Concerns over the damaging effects of sun exposure to skin continue to grow as increasing evidence becomes available. In relation, the market for sun protection has extended beyond topical sunscreens, and growing scientific research supports sun protection from within as an adjunct approach to topical sunscreens.
UV radiation is a major extrinsic factor affecting the skin. It induces several harmful responses, including erythema, immunosuppression, edema, sunburn, hyperplasia, hyperpigmentation, premature aging and skin cancer. UVA (320-400 nm) and UVB (280-320 nm) are the wavelengths of greatest concern, and while UVA accounts for more than 90% of total UV radiation, UVB photons are one thousand times more capable of causing sunburn than UVA.1
UVA is also thought to play a crucial role in photoaging. It has been shown to cause epidermal hyperplasia, stratum corneum thickening and the synthesis of inflammatory cytokines and metalloproteinases (MMPs).2, 3 Meanwhile, UVB causes sunburn, sun tanning, pigmented spots and wrinkles, and accelerates skin aging. As a result, finding ways to protect skin cells against both UVA and UVB damage can provide long-term skin health benefits.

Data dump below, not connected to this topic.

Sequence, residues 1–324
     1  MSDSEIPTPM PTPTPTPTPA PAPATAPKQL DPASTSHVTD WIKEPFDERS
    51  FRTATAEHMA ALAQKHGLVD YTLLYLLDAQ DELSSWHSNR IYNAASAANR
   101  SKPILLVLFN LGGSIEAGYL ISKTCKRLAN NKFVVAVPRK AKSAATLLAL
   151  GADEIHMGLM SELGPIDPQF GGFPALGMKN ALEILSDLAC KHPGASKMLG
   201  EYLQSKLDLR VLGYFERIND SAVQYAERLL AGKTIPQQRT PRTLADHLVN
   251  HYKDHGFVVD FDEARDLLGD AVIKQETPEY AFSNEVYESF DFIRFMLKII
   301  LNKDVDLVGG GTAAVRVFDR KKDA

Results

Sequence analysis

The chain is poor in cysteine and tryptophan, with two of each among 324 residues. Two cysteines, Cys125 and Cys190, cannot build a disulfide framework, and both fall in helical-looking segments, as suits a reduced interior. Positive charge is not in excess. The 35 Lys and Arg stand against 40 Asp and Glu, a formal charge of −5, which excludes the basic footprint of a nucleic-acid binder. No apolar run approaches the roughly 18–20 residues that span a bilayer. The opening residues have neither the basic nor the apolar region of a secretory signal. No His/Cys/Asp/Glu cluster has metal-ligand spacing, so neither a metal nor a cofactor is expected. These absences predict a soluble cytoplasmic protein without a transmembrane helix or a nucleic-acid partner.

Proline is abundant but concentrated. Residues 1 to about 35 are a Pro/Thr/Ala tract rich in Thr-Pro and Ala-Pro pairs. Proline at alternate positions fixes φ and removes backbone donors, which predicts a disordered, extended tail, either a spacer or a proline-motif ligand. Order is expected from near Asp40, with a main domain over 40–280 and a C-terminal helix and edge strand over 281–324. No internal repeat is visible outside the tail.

As is well-known, skin photoprotection is traditionally achieved via topical sunscreens. However, for various reasons, topical sunscreens alone can fail to provide reliable all-day defense for the skin. For one, most consumers apply sunscreen at just one-quarter of the advised application rate of 2 mg/cm2,4 which would mean a product designed to offer an SPF of 50 would only deliver one quarter of this protection.5
Even if a topical product is applied in sufficient quantity, it can wear off as a result of everyday activities such as sweating or rubbing against clothing. Furthermore, most people only apply topical sunscreens when they are actively seeking sun exposure but UV radiation is ubiquitous, and it is an exposure we cannot entirely avoid. It is estimated that 80% of an individual’s lifetime sun exposure occurs incidentally.6
Therefore, in addition to topical sunscreen, supplemental strategies might be considered. In this context, a growing number of studies supports the beneficial effects of oral photoprotection taken as dietary supplements. Indeed, several vitamins, minerals, carotenoids and polyphenols from botanical sources have been proven effective to help prevent sunburn and skin damage, and contribute to life-long protection against the damaging effects of UV radiation.7, 8
Rosemary and Grapefruit Efficacy In vitro